Starting a Freelance Career

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My first official freelance gig was about 3 years ago — an ad I saw in Craigslist. The client was a small VA firm and my job was project management. Since it’s a small company, I basically handle a lot of tasks: communicating with clients, managing the agents and interviewing new hires. It did not last long because salary is always delayed and I figured the pay is not worth all the workload given to me. Just like any other careers, a freelance career is only meaningful and fulfilling if you enjoy what you do and your client treats you fairly. Thankfully, I had several other (and better) clients after that, and my friends keep asking me how come I easily get online gigs while they seem to have trouble landing a good one. Below are the tips I give them:

1. Identify your skills.

Once you’ve decided about going freelance, the first thing you should think about is your marketable skills. Deciding the type of services that you want to offer should be easy esp if you’re a skilled professional. Think of your past (and current) jobs and list down the skills that you would want to showcase in your resume. This is necessary so that when you start “job hunting,” you can easily pinpoint the positions that apply to you.

2. Update your resume.

Based on my experience, most companies hiring for virtual jobs prefer those who’ve had VA experience. If you had done any freelance work in the past that you don’t count when applying for corporate jobs, add it in your resume when applying for home-based jobs. Don’t worry about needing COE because they rarely ask for it!

3. Update your online presence.

Before you start applying, make sure that your Linkedin, blog and any other public profile of yours are updated. Yes, clients Google the names of their potential hires so make sure that they match what you wrote in your resume!

4. Set-up your Paypal account.

Majority of clients pay via Paypal so make sure you have this set-up as early as possible! Some of them don’t even hire people who don’t have Paypal accounts yet.

5. Bookmark all sites that offer telecommuting jobs.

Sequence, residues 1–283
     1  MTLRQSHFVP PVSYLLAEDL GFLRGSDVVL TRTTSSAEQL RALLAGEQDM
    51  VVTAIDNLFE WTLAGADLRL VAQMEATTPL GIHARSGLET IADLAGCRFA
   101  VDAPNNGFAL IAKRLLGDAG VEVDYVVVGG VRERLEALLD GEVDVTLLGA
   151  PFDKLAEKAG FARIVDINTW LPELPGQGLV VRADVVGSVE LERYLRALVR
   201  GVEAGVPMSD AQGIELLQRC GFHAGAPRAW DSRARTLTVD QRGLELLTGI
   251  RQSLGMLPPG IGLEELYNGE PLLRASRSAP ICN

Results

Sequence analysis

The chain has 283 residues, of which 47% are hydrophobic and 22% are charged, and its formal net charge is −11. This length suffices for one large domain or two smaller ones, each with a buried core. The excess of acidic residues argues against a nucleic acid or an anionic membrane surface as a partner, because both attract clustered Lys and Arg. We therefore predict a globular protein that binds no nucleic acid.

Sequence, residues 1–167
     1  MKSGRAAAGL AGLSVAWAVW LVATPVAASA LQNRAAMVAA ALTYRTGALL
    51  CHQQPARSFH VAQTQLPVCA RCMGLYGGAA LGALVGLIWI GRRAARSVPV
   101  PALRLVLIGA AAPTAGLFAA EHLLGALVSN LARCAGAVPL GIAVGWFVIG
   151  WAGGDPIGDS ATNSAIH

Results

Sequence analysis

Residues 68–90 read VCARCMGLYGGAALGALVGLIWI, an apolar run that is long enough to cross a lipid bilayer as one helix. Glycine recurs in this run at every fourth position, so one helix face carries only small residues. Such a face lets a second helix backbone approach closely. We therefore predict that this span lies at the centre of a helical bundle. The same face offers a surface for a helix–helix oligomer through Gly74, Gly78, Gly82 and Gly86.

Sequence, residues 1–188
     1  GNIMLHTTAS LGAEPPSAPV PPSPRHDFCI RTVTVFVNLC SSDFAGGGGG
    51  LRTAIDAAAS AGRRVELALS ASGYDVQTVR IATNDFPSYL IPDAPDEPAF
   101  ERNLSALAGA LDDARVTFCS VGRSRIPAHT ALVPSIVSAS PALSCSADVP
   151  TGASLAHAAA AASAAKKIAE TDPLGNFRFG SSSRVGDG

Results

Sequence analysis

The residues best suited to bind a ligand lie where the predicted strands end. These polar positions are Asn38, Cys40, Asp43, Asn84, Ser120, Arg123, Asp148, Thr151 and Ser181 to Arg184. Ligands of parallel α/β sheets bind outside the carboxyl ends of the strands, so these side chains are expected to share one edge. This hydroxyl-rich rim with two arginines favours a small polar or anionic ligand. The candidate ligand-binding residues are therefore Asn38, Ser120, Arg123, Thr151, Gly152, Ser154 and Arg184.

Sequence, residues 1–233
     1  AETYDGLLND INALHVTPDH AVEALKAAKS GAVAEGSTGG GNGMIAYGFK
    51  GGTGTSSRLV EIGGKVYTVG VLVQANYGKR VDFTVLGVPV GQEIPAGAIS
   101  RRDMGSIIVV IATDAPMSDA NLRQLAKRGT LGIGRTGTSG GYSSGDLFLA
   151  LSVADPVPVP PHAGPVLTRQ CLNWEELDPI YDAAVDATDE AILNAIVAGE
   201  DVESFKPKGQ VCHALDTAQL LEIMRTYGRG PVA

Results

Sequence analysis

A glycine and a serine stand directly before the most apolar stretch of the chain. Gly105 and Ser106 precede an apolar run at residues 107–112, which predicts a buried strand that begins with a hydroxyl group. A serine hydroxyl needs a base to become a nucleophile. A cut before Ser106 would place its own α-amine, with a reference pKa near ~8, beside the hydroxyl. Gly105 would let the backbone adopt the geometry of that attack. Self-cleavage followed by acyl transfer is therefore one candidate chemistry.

Here are my most-visited sites you can consider:

Upwork
Craigslist
Onlinejobs.ph
Jobspresso
Remotive
Virtual Staff Finder

6. Watch out for red flags.

Craigslist and Onlinejobs.ph are a hotbed for scams, but I continue browsing there because I often find hidden gems that offer great pay and benefits. Rule of thumb when determining if a job ad is a scam is if it is a two or three-liner without much information about the position.

Other things to look out for:
– No job description
– “Everyone” is qualified
– You need to answer some sort of survey
– “Earn money fast” headline

7. Write a short but compelling cover letter.

If you are applying for a virtual assistance job, summarize your skills in your cover letter so that it catches the employer’s attention and prompts him/her to know you a little better. Keep it short and concise.

Sample:

Hi,

I would like to apply for the position posted below. I am tech-savvy and highly skilled in WordPress and Magento. Please see attached CV for more info on my skills and work experience.

I am available for an interview anytime via Skype at your convenience. I look forward to hearing from you!

(Link where you found the job ad) 

Kind regards,
Kat


8. Check your email daily.

Clients communicate through email so make sure you check it at least once a day to check if you’ve landed an interview!

9. Do your research prior to the interview.

Find out everything you can about the company you are applying for and be ready to showcase your skills. Most VA employers go direct to the point and ask your knowledge about the skills they need so make sure you are ready to prove how good you are!

10. Don’t be afraid to negotiate your salary!

Know your worth and make sure to decide on a fixed amount of pay you are willing to take. Do your research on the industry-standard salary and casually ask the employer if the pay is negotiable. I’ve encountered a lot of job offers that are way below minimum for a skilled employee (don’t ever accept a $1/hr pay even when you’re desperate!). Firmly say no and move on.

Final note: Whether you want to be a freelancer for work/life balance or something else, realize that being one is more than a career-change, it is a lifestyle change. So make sure that you are 100% prepared for it. And just like in any other career, hardwork is always the key to succeed in this business. Goodluck!

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